Binge drinking may cause sleep problems in older adults, research has revealed.

The study, which investigated the sleeping and drinking habits of almost 6,500 adults aged 55 and above, showed that frequent binge drinkers were more likely to suffer from insomnia.

Those who binged for more than two days a week (on average) had a 64% greater chance of reporting insomnia-related symptoms compared to non-binge drinkers.

insomnia old

Binge drinking is linked to sleep problems in older adults

Results revealed that 30% of participants had two or less binge drinking days per week and 3% had more than two days per week, on average.

What is binge drinking?

According to the NHS, binge drinking refers to drinking lots of alcohol in a short space of time or drinking to get drunk.

The NHS say that it is difficult to define quantities as tolerance and drinking speed varies from person to person.

They recommend:

  • Men should not regularly (every day or most days of the week) drink more than three to four units of alcohol a day.
  • Women should not regularly drink more than two to three units a day.
  • If you've had a heavy drinking session, avoid alcohol for 48 hours.

"It was somewhat surprising that frequent binge drinking (more than 2 binge drinking days per week, on average), but not occasional binge drinking (more than zero, but less than 2 binge drinking days per week, on average) had a significant association with self-reported insomnia symptoms," explained the study's lead author Sarah Canham, PhD.

The study involved 6,466 community-dwelling adults aged 55 and above from the 2004 wave of the Health and Retirement Study who reported having ever consumed alcohol.

Participants reported the number of days on which they had "four or more drinks on one occasion" in the prior three months.

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  • Bedtime routine

    Build time into your day for a bedtime routine-we are more like dimmer switches than ‘on-off switches’ so we need time to unwind. This may include a warm bath, a hot milky drink/chamomile tea and listening to some relaxing music or an audio book.

  • Pull your socks up

    Wear socks to bed. Cold feet = a poor night's sleep. Due to the fact that they have the poorest circulation, the feet often feel cold before the rest of the body and studies have shown that wearing socks reduces night awakenings.

  • Use sunlight to set your body clock

    As soon as you get up in the morning, go outside and get some fresh air for 10 minutes. The bright sunlight (or any bright light) tells your body’s natural biological clock that it’s time to wake up and that same clock will then be set to tell your body it’s time to go to sleep about 14-16 hours later.

  • Keep regular

    Don't change your bedtime. You should go to bed and wake up at about the same time each day, even on the weekends! This will help your body to get into a sleep rhythm and make it easier to fall asleep and get up in the morning.

  • Bed linen

    Change your bedding once a week and dust regularly. Fresh crisp sheets will help you get a better night’s sleep and clearing excess dust can help minimise any irritation in the airways, which could disrupt sleep. Review your bed linen for a better night’s sleep and choose sheets that feel comfortable against your skin. Research carried out by Lenor has shown that 74% of people surveyed slept drastically better on freshly washed bed sheets.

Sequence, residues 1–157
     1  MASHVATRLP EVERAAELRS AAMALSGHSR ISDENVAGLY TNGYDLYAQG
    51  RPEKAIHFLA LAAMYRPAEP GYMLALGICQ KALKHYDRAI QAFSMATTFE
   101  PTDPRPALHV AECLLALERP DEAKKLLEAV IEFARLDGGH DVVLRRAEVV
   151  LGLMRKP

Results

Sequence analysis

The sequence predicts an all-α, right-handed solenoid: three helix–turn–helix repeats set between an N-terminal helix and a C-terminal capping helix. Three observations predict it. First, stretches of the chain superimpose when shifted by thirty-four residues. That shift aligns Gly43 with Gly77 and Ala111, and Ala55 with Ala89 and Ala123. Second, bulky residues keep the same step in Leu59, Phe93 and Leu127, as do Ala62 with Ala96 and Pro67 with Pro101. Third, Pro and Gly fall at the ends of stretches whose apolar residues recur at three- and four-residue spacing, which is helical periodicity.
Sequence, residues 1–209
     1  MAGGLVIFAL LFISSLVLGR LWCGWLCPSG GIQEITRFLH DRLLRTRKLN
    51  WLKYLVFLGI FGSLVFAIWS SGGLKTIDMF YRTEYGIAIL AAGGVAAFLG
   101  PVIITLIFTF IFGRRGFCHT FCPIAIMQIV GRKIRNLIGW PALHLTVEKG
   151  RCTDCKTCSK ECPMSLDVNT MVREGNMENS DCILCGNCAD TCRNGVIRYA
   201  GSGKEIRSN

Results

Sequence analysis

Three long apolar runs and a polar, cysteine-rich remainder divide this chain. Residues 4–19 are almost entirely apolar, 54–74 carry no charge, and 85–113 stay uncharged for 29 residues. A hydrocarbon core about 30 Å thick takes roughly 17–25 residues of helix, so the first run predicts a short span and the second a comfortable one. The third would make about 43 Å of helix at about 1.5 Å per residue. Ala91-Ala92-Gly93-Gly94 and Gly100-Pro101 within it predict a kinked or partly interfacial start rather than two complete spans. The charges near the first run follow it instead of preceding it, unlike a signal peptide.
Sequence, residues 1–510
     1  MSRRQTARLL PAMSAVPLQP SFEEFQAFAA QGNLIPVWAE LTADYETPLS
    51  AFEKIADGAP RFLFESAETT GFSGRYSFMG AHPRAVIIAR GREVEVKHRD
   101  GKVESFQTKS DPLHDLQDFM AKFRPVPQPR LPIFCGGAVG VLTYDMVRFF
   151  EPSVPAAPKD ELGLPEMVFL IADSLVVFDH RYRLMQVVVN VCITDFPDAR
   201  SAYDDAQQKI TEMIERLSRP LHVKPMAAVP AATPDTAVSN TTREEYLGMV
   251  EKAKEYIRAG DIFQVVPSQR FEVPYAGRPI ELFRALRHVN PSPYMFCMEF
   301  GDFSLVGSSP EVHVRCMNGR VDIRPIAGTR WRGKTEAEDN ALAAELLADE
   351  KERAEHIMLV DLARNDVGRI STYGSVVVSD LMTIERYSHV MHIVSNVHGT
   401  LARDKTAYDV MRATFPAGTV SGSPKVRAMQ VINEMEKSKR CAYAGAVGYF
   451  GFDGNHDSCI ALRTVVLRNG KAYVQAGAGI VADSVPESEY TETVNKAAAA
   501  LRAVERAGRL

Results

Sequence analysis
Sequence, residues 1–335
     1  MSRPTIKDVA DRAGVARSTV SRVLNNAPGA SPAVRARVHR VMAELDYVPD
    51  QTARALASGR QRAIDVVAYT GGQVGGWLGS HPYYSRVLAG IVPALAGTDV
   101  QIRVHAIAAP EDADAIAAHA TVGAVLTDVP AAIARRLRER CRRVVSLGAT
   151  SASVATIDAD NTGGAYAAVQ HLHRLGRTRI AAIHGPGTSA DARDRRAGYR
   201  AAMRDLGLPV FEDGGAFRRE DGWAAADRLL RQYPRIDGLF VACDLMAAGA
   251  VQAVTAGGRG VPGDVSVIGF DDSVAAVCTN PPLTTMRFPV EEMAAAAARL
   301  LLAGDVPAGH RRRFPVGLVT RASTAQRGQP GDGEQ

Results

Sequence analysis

• Stay cool

    If you're too warm it can lead to a fitful night's sleep. Your body works hard to regulate your temperature while you're asleep, so help it along with cool, breathable cottons and keep the room cool at 16-18 degrees centigrade. If you share your bed and like different temperatures consider buying two separate duvets.

  • Exercise to sleep

    Regular exercisers have better quality sleep. Aerobic exercise in particular has a significant impact on sleep particularly when it’s done in daylight so try to integrate exercise into your life by moving throughout the day eg getting off the bus one stop early, taking a walk in your lunch break etc.

  • Set yourself a technology cut off time

    Computers, mobiles, smart phones and TVs all over stimulate our minds and ruin sleep, so try to turn them off at around 9pm. Where possible keep them out of the bedroom.

  • Room and bed sheet fragrance

    Fragrances can set the tone of the room and generate a calming effect which will induce better quality deep sleep leaving you more rested, energetic and alert the next morning. Filling the bedroom with lavender or chamomile scents around an hour before bedtime will create the proper atmosphere for relaxation, sleep or romance. Try washing your sheets in fragrant Lenor fabric softener or alternatively place a few drops of relaxing aromatherapy oils on your pillow.

  • Lights out

    Sleep in complete darkness or as close to that as you can. There also should be as little light in the bathroom as possible if you get up in the middle of the night. As soon as you turn on the light, your body will immediately cease all production of the important sleep aid melatonin which regulates the sleep-wake cycle.

Authors used responses to calculate the mean number of binge drinking days per week, which was the primary predictor.

Participants also reported the frequency of difficulty falling asleep, trouble staying asleep, waking too early or feeling unrested in the morning. Those reporting any of these "most of the time" were considered to have an insomnia symptom, which served as the outcome.

The study was published in the journal Sleep. Lead author Canham presented the findings on 3 June at SLEEP 2013, the 27th annual meeting of the Associated Professional Sleep Societies LLC.